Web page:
E-Blasts

Earlier this month, the Fourth District Court of Appeal out of San Diego, California, released a decision which favors a longstanding plaintiffs’ argument regarding release waivers. California Civil Code Section 1542 prevents a party from inadvertently waiving unknown claims merely by signing a “general release.” However, employers will often include a provision in settlement agreements with which employees waive their “1542 rights” and by signing the settlement agreement, the plaintiff agrees that the settlement disposes of all known and unknown claims as way to keep former employees from bringing any lawsuits over any issue, with narrow exceptions, going forward.

Over 100 Flower and Garden Center Employees Arrested by ICE in Ohio

Last Tuesday, ICE arrested 114 employees of Corso’s Flower and Garden Center (“Corso’s”) in Sandusky and Castalia, Ohio, making this the largest immigration arrest in ICE’s Northeastern region in the last decade according to this article on CNN. This raid comes two months after 97 immigrants were arrested at a meat-processing plant in Tennessee as we reported on here.

As we briefly reported on here, the U.S. Supreme Court (“SCOTUS”) ruled Monday that arbitration agreements that force workers to sign away their rights to pursue class and representative action claims are legal, rejecting the National Labor Relations Board’s position that class waivers violate federal labor law.

In 1925, Congress passed the Federal Arbitration Act (“FAA”), which (among other things) provides that an agreement to arbitrate a dispute “shall be valid, irrevocable, and enforceable.” Ten years later, Congress enacted the National Labor Relations Act (“NLRA”), which makes clear that employees have the right to work together for “mutual aid and protection.” SCOTUS’ decision resolved a trio of cases involving Epic Systems Corp., Murphy Oil USA Inc., and Ernst & Young, LLP. In each case, an employee who signed an arbitration agreement with a class action waiver filed a lawsuit in federal court, seeking to bring both individual and collective claims and not arbitrate their individual claims as required by the arbitration agreement. The employers argued that, under the terms of the arbitration agreements, the employees needed to pursue their claims on an individual basis in arbitration.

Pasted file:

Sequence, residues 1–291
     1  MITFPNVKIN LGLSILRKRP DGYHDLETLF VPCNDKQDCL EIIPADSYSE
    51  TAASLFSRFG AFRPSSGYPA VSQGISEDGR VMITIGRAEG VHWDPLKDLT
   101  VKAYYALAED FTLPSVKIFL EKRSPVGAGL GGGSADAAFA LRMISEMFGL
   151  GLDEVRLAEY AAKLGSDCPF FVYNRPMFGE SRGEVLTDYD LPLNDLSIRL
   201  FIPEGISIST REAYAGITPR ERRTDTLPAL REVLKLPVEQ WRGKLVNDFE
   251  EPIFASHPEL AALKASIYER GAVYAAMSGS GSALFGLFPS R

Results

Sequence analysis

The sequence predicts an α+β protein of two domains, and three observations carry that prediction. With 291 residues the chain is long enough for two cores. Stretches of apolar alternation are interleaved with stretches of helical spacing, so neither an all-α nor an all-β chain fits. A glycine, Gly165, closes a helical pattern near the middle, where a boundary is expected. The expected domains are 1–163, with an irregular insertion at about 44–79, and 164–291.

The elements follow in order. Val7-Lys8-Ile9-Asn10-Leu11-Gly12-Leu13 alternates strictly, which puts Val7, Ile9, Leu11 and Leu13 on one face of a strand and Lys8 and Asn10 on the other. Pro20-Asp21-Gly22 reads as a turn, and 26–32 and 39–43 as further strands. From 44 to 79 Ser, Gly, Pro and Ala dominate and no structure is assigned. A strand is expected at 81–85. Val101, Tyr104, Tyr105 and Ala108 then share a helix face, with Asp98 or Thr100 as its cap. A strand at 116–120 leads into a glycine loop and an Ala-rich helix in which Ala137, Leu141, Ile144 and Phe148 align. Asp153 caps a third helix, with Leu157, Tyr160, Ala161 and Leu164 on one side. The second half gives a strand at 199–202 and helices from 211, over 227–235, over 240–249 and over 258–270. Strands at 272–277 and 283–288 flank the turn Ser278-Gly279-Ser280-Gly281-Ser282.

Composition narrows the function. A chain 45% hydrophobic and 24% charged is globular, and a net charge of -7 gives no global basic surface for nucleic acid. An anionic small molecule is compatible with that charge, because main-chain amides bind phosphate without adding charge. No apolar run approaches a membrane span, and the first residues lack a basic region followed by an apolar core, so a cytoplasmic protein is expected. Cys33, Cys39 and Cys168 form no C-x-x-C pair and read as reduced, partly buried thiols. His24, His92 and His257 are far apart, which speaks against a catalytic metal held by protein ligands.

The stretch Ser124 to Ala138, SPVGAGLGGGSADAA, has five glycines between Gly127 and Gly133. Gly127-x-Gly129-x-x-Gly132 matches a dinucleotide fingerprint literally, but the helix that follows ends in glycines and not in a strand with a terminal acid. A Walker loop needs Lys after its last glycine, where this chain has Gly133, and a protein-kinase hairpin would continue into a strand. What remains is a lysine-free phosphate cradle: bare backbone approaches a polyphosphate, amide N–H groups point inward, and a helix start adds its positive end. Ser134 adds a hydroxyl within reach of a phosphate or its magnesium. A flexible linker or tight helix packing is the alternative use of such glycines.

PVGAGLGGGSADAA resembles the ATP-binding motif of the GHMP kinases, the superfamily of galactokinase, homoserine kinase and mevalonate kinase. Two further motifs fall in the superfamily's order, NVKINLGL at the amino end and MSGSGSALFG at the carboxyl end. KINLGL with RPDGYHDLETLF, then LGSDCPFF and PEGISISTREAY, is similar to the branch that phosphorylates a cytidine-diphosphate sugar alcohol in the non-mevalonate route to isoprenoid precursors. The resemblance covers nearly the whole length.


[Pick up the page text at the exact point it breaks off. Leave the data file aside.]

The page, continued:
We have been notified of a few instances where California Rural Legal Assistance Foundation (“CRLAF”) agents have been encountered entering farms and ranches, taking photos, and threatening to file complaints with Cal/OSHA when asked to leave. They have also been seen handing out flyers like these in and near workers’ housing areas. Additionally, on at least one occasion, they have represented themselves as being “with the State,” in order to invoke the cover of State authority to justify their unlawful presence. One such individual, after finally admitting that he worked for the CRLAF, claimed he was “investigating human trafficking issues.”

Earlier today, the Supreme Court issued an important decision in the Epic Systems Corp. v. Lewis case, holding that the National Labor Relations Act (“NLRA”) does not create for employees a right to class actions. This means that arbitration agreements between employers and employees containing a class action waiver are enforceable.

ICE Update

In a sweep during the second week of April, ICE arrested 225 people in New York City, according to this article in the Daily News. Similar to much of California, New York is a “sanctuary” city, and, like the recent California sweep we covered here, there were several arrests of people who had no outstanding criminal charges or convictions, which ICE calls “collateral arrests.” A statement from ICE Acting Director Tom Homan in October made clear that the agency believes it has “no choice but to conduct at-large arrests in local neighborhoods and at worksites.”

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